I do not recollect whether, in any other part of this work, I have given the following story from the Hatem Tai Nameh. Hatem Tai was an Arabian nobleman, who flourished some time before the Mahommedan era; he was reputed the most generous and liberal man in all the east. One day he slew one hundred camels, and made a feast, to which all the Arabian lords and all the peasantry in the district were invited. About the time of the feast he took a walk towards a neighbouring wood, to see if he could find any person whom he might invite to partake of the entertainment which he had then provided. Walking along the skirt of the wood, he espied an old man coming out of it, laden with a burden of faggots; he accosted him and asked if he had not heard of the entertainment made that day by Hatem Tai. The old man answered in the affirmative. He asked him why he did not attend and partake with the rest. The old man answered: "He that is able to gain his bread even by collecting faggots in the wood, should not be beholden even to Hatem Tai." This is a noble saying, and has long been a rule of conduct to the writer of this note.


    John Gill's Bible Commentary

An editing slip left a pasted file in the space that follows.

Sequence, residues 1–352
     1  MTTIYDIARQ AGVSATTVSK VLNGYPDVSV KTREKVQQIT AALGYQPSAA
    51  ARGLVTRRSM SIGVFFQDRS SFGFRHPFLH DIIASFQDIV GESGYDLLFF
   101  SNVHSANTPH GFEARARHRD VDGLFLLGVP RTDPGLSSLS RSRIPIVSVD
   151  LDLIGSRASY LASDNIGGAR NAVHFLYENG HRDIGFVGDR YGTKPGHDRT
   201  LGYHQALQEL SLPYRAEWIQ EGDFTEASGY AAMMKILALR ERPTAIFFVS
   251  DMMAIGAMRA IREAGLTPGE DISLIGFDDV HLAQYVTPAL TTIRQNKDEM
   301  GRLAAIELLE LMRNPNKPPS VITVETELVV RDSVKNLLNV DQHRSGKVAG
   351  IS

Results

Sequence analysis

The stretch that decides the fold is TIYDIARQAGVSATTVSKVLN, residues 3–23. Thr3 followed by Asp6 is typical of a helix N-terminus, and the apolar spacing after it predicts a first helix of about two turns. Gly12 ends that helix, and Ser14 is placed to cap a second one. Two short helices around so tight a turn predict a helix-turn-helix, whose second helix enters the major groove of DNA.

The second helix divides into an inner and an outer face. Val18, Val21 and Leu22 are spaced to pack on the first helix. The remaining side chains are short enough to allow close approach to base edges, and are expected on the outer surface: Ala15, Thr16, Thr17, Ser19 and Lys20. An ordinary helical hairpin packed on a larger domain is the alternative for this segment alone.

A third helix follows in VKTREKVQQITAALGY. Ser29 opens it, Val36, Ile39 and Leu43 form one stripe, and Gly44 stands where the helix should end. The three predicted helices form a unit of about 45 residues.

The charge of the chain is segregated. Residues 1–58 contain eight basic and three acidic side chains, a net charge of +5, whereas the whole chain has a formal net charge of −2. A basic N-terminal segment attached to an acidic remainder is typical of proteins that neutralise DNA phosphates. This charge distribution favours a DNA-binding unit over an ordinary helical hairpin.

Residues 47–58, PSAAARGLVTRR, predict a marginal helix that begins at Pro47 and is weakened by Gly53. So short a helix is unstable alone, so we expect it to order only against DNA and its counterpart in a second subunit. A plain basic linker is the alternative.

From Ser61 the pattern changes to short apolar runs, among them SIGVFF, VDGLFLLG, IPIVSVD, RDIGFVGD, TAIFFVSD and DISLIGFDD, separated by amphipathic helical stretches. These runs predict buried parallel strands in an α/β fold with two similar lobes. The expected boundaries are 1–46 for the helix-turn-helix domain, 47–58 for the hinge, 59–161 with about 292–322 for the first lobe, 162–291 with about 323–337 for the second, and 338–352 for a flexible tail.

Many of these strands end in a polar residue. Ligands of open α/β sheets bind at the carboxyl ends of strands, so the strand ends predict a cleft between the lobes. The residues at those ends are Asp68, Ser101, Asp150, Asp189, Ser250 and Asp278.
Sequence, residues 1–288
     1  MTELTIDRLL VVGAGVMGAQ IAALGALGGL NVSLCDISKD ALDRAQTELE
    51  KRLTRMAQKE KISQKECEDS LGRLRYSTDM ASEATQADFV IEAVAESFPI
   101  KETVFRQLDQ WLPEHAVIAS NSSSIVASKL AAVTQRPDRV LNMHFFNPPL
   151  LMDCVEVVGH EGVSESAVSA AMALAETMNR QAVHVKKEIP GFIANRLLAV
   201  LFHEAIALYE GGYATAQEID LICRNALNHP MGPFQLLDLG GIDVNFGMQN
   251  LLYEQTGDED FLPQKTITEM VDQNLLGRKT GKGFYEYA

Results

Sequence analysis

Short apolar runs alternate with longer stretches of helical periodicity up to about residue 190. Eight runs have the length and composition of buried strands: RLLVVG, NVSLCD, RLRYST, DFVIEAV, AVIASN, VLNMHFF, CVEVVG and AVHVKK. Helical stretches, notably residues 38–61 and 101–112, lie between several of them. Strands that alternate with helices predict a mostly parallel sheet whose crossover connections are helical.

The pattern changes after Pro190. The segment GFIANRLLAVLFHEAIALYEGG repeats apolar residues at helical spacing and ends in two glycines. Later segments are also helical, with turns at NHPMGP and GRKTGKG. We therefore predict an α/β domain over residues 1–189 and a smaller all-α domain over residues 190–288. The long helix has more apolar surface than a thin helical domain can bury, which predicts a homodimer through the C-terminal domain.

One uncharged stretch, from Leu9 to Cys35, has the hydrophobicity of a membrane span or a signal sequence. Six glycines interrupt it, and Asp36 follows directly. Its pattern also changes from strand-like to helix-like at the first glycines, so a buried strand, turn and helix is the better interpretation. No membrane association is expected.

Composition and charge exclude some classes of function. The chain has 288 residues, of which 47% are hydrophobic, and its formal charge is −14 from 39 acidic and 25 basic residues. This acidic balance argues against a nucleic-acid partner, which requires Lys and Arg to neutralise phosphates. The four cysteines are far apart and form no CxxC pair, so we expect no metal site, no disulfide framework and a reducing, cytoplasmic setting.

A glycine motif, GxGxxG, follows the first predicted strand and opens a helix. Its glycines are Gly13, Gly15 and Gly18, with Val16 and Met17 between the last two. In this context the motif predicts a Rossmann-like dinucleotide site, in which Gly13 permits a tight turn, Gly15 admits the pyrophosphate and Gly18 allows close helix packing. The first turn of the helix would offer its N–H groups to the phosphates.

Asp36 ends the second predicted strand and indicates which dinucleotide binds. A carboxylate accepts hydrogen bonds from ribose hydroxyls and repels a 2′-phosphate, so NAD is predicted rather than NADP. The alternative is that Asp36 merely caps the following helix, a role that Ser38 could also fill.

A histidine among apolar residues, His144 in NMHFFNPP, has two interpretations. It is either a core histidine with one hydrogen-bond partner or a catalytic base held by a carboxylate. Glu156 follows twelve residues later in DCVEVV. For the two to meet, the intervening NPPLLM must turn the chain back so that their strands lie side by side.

Ver. 12. That ye may walk honestly , etc.] Decently, in good credit and reputation, providing things honest in the sight of all men, for themselves and families, and honestly paying every man his own; on which account it became them to mind their own business, and work at their trades; otherwise their walk and conversation would be scandalous, and not honest and honourable: toward them that are without : the men of the world, who were without the church; (see 1 Corinthians 5:12) profane sinners, unconverted Gentiles, that were without Christ and hope, and God in the world, and were aliens and strangers; and yet care should be taken that no occasion be given to such to reproach the name of God, the ways of Christ, and the doctrines of the Gospel: and that ye may have lack of nothing ; but have wherewith to supply the necessaries of life, and give to them also that stand in need, which is more blessed and honourable than to receive; or might not need any such instruction and exhortation, or any reproof for sloth and idleness; or not stand in need of any man, as the Syriac version renders it; of the help and assistance of any, of any of those that are without, which would be dishonourable; or of them that are within, of the church, which might be burdensome. The Vulgate Latin version renders it, that ye may not desire anything of anyone; as the slothful man covets greedily all the day long what is another's, and this desire kills him, ( Proverbs 21:25,26) he covets an evil covetousness, and craves in a scandalous way the bread of others; when it would be more honourable for him to work with quietness, and eat his own bread got by honest labour, and not be beholden to another.